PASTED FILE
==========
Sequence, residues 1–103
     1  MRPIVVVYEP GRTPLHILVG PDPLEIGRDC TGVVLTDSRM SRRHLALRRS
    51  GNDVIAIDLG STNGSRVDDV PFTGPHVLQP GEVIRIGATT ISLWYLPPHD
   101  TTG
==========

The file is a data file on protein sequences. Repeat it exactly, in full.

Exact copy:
Sequence, residues 1–103
     1  MRPIVVVYEP GRTPLHILVG PDPLEIGRDC TGVVLTDSRM SRRHLALRRS
    51  GNDVIAIDLG STNGSRVDDV PFTGPHVLQP GEVIRIGATT ISLWYLPPHD
   101  TTG